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Franklin v. Pride

United States District Court, W.D. Tennessee, Eastern Division

October 10, 2019

NATHAN PRIDE, Defendant.



         On October 4, 2019, Plaintiff Eric Glenn Franklin, who is incarcerated at the Madison County Criminal Justice Complex (CJC) in Jackson, Tennessee, filed a pro se civil complaint against Nathan Pride, an attorney. (ECF No. 1.) The complaint was accompanied by a motion to proceed in forma pauperis. (ECF No. 2.) The Court issued an order on October 7, 2019, granting leave to proceed in forma pauperis and assessing the civil filing fee pursuant to the Prison Litigation Reform Act (PLRA), 28 U.S.C. §§ 1915(a)-(b). (ECF No. 4.)

         Franklin alleges in the complaint that Defendant Pride was hired to represent him in a civil matter involving real property Franklin inherited from his mother. (ECF No. 1 at PageID 2.) He alleges that during the course of the representation, Pride “took it upon himself to forge another Deed without doing his research and realizing that the property was still in the original owners [sic] name.” (Id.) When confronted, Pride allegedly said there was nothing he could do, which resulted in Franklin and his daughter losing their home. (Id.) He seeks compensatory damages. (Id. at PageID 3.)

         The Court is required to screen prisoner complaints and to dismiss any complaint, or any portion thereof, if the complaint-

(1) is frivolous, malicious, or fails to state a claim upon which relief may be granted; or
(2) seeks monetary relief from a defendant who is immune from such relief.

28 U.S.C. § 1915A(b); see also 28 U.S.C. § 1915(e)(2)(B).

         In assessing whether the complaint in this case states a claim on which relief may be granted, the standards under Fed.R.Civ.P. 12(b)(6), as stated in Ashcroft v. Iqbal, 556 U.S. 662, 677-79 (2009), and in Bell Atlantic Corp. v. Twombly, 550 U.S. 544, 555-57 (2007), are applied. Hill v. Lappin, 630 F.3d 468, 470-71 (6th Cir. 2010). The Court accepts the complaint's “well-pleaded” factual allegations as true and then determines whether the allegations “plausibly suggest an entitlement to relief.'” Williams v. Curtin, 631 F.3d 380, 383 (6th Cir. 2011) (quoting Iqbal, 556 U.S. at 681). Conclusory allegations “are not entitled to the assumption of truth, ” and legal conclusions “must be supported by factual allegations.” Iqbal, 556 U.S. at 679. Although a complaint need only contain “a short and plain statement of the claim showing that the pleader is entitled to relief, ” Fed.R.Civ.P. 8(a)(2), Rule 8 nevertheless requires factual allegations to make a “‘showing,' rather than a blanket assertion, of entitlement to relief.” Twombly, 550 U.S. at 555 n.3.

         “Pro se complaints are to be held ‘to less stringent standards than formal pleadings drafted by lawyers,' and should therefore be liberally construed.” Williams, 631 F.3d at 383 (quoting Martin v. Overton, 391 F.3d 710, 712 (6th Cir. 2004)). Pro se litigants, however, are not exempt from the requirements of the Federal Rules of Civil Procedure. Wells v. Brown, 891 F.2d 591, 594 (6th Cir. 1989); see also Brown v. Matauszak, 415 Fed.Appx. 608, 612, 613 (6th Cir. Jan. 31, 2011) (affirming dismissal of pro se complaint for failure to comply with “unique pleading requirements” and stating “a court cannot ‘create a claim which [a plaintiff] has not spelled out in his pleading'” (quoting Clark v. Nat'l Travelers Life Ins. Co., 518 F.2d 1167, 1169 (6th Cir. 1975))).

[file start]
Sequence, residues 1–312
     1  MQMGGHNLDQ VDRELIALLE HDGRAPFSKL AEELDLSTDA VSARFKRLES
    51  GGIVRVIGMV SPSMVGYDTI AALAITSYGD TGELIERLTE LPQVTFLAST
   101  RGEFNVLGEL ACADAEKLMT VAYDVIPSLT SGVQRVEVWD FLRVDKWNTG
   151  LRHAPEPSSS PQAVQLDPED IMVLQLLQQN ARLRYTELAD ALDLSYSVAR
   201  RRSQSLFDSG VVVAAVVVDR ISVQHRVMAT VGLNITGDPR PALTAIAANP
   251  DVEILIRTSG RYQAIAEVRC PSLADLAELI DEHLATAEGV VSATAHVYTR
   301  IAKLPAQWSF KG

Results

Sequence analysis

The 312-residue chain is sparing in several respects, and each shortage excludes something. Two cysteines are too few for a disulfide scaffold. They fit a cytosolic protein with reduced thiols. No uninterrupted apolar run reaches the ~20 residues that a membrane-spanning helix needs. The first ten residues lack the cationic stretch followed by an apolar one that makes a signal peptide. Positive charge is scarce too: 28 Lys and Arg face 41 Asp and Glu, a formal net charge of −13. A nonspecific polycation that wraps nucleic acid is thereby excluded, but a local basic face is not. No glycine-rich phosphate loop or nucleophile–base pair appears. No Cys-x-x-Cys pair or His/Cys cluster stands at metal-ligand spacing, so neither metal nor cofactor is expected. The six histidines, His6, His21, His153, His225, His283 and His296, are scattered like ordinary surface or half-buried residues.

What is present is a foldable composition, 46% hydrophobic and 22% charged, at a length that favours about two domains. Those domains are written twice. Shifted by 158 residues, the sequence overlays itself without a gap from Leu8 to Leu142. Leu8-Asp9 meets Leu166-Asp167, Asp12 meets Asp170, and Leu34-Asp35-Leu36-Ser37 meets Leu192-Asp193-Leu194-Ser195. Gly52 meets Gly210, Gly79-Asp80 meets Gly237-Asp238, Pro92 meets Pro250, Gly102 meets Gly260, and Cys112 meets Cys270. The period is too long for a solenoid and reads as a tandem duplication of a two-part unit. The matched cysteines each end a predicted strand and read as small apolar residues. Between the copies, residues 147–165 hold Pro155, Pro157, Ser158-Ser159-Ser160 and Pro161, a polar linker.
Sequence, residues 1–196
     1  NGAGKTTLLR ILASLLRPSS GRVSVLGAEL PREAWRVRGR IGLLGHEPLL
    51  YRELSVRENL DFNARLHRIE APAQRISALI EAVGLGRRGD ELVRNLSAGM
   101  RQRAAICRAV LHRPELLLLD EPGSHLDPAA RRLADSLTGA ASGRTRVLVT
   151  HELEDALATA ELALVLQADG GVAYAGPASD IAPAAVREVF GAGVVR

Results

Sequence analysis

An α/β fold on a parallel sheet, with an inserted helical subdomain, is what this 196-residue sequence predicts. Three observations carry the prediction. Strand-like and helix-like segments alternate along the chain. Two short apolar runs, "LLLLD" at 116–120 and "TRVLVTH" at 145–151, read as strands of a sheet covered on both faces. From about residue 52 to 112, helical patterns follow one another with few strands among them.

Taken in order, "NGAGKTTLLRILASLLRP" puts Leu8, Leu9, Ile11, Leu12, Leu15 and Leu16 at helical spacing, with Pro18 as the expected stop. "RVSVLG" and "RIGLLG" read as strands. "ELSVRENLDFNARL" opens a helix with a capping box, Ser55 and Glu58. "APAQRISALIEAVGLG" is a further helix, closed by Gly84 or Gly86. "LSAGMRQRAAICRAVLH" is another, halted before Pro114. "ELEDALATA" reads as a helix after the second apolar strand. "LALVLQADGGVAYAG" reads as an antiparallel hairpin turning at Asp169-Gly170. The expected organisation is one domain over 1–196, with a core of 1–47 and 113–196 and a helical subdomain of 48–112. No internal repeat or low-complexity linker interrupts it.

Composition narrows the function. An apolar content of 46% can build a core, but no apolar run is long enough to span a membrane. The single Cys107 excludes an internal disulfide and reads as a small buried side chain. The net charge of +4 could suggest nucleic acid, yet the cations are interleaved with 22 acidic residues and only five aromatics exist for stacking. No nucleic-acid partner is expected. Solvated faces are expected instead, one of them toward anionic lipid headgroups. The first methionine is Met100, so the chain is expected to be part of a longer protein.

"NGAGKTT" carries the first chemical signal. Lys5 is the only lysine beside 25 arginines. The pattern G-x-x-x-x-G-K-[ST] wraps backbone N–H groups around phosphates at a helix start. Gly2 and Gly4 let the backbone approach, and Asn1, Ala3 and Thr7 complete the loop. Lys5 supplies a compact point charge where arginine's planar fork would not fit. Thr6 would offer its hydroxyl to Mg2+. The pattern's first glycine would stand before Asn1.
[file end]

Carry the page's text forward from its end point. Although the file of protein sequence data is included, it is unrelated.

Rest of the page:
This Court lacks subject-matter jurisdiction over Franklin's claims. The United States Supreme Court has stated:

Federal courts are courts of limited jurisdiction. They possess only that power authorized by Constitution and statute, which is not to be expanded by judicial decree. It is to be presumed that a cause lies outside this limited jurisdiction, and the burden of establishing the contrary rests upon the party asserting jurisdiction.

Kokkonen v. Guardian Life Ins. Co., 511 U.S. 375, 377 (1994) (citations omitted); see also Bender v. Williamsport Area Sch. Dist., 475 U.S. 534, 541 (1986) (“Federal courts are not courts of general jurisdiction; they have only the power that is authorized by Article III of the Constitution and the statutes enacted by Congress pursuant thereto.”) A federal court may address its subject-matter jurisdiction sua sponte. See, e.g., Ins. Corp. of Ireland, Ltd., 456 U.S. 694. 702 (1982) (“a court, including an appellate court, will raise lack of subject-matter jurisdiction on its own motion”). Furthermore, under Rule 12(h)(3) of the Federal Rules of Civil Procedure, “[i]f the court determines at any time that it lacks subject-matter jurisdiction, the court must dismiss the action.”

         Franklin's complaint does not state any basis for federal subject-matter jurisdiction in this case. Though he filed the complaint on the form used for commencing actions under 42 U.S.C. § 1983, there is no allegation that the action arises “under the Constitution, laws, or treaties of the United States, ” as required for federal question jurisdiction under 28 U.S.C. § 1331. Franklin does not allege that Pride violated his civil rights or that he acted under color of state law. He contends only that Pride mishandled the legal matter for which he was hired, causing Franklin and his daughter to lose their home. This is a claim of legal malpractice arising under Tennessee law.

         The complaint also does not allege that Franklin and Pride are citizens of different states, as required for diversity jurisdiction under 28 U.S.C. § 1332(a). Therefore, the Court has no ...

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